Bayh-Dole—more formally the University and Small Business Patent Procedures Act of 1980, 35 U.S.C. §§200-212—has a comprehensive set of rules for allocating patent interests among the government, the “contractor”—generally a university or small business—that the government funded, and the individual inventors listed on the patents.

Just as with any private company, a contractor conducting research funded by the government can eliminate any question of individual researchers' rights to patents arising from the research through appropriate assignment contracts. The instant case arose because Stanford University's employment agreement required researchers to “agree to assign” patent rights to the university.

A Stanford employee, Mark Holodniy, on loan to a private research lab that is now part of Roche Molecular Systems Inc., signed a confidentiality agreement that immediately assigned to Roche patent rights in future inventions: “I will assign and do hereby assign” intellectual property rights.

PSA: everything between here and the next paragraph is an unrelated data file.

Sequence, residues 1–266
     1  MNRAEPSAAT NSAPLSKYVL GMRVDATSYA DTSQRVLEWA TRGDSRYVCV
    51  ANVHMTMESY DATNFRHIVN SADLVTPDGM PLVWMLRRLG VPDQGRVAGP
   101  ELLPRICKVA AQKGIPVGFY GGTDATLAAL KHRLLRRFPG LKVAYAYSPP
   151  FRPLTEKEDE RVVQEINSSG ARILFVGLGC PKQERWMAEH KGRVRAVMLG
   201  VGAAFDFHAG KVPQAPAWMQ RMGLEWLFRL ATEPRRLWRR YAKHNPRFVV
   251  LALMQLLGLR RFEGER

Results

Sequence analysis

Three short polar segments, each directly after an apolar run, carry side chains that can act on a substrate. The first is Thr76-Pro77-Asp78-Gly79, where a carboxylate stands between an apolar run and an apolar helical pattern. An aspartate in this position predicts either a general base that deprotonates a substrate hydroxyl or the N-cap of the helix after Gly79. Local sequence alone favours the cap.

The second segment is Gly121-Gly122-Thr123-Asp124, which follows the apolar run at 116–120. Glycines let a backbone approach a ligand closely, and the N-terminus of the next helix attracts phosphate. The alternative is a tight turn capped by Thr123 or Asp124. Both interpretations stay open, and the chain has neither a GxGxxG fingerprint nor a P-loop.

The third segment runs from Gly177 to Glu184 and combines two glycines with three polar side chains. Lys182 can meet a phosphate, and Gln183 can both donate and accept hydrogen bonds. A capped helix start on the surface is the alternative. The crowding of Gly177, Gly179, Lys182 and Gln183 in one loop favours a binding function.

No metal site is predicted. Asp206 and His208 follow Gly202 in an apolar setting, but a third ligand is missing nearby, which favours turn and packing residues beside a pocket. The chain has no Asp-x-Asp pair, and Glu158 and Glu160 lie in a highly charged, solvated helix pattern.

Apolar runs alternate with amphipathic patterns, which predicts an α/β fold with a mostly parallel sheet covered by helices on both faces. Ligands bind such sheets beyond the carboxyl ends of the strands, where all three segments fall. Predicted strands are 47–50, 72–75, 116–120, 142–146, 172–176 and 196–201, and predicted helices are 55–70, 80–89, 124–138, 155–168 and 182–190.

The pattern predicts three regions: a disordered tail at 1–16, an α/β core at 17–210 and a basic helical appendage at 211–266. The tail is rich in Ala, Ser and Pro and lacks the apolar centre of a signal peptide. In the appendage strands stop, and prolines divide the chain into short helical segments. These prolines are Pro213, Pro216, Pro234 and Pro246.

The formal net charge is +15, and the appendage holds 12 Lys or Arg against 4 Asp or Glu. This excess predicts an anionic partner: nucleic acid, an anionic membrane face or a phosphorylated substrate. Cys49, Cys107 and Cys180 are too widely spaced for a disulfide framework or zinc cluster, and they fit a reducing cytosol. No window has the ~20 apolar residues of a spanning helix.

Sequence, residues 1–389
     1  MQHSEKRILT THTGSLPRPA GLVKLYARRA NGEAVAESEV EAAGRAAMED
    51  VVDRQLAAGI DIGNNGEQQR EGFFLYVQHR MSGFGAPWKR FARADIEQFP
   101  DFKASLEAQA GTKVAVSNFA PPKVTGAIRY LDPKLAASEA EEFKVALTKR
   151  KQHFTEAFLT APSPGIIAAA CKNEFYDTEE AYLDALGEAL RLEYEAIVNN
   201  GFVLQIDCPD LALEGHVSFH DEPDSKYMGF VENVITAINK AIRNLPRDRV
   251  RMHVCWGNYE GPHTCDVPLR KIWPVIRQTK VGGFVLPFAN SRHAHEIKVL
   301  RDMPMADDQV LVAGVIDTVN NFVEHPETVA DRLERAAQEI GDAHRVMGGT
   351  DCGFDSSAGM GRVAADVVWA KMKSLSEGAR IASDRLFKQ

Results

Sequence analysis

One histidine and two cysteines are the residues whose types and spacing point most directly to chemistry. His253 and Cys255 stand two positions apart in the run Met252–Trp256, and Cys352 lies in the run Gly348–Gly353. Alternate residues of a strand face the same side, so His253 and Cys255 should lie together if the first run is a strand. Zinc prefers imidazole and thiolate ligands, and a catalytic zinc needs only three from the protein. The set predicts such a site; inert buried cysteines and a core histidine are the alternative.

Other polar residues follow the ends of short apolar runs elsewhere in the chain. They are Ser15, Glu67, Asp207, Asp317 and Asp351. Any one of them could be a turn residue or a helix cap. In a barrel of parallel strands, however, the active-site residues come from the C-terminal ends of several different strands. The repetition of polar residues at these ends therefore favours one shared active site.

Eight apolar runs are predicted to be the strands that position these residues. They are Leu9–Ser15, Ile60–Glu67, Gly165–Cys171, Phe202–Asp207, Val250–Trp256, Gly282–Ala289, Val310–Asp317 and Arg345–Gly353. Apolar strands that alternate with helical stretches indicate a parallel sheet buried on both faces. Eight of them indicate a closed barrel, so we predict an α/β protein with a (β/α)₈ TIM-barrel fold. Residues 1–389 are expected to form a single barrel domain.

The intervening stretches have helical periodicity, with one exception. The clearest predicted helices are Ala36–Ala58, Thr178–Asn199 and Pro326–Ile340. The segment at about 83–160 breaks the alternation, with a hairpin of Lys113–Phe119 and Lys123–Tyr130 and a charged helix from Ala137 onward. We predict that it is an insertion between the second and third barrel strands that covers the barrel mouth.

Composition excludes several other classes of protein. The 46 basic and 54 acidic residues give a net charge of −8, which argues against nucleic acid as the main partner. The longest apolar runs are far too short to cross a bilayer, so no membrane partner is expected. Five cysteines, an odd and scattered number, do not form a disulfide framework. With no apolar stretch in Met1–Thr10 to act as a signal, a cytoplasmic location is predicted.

The patents at issue (5,968,730; 6,503,705; and 7,129,041) involve correlating measurements of HIV nucleic acids to determine whether a particular therapy is effective. Holodniy conceived the procedure while at Roche, then returned to Stanford to conduct clinical studies. Stanford subsequently filed for and was issued the patents. After licensing negotiations with Roche failed, Stanford filed a lawsuit alleging that Roche's HIV detection kits infringed the patents.

The U.S. District Court for the Northern District of California granted Stanford's motion for summary judgment as to whether Roche was an owner of the disputed patents or had a license, thus rejecting Roche's claim that Stanford lacked standing without Holodniy's assignment.

Bayh-Dole vs. Individual Inventor Rights

On appeal, the Federal Circuit reversed. The court held that Roche was co-owner of the patents—along with Stanford—because Holodniy had assigned his rights to Roche prior to conception of the invention. 583 F.3d 832, 92 USPQ2d 1442 (Fed. Cir. 2009) (192 PTD, 10/7/09).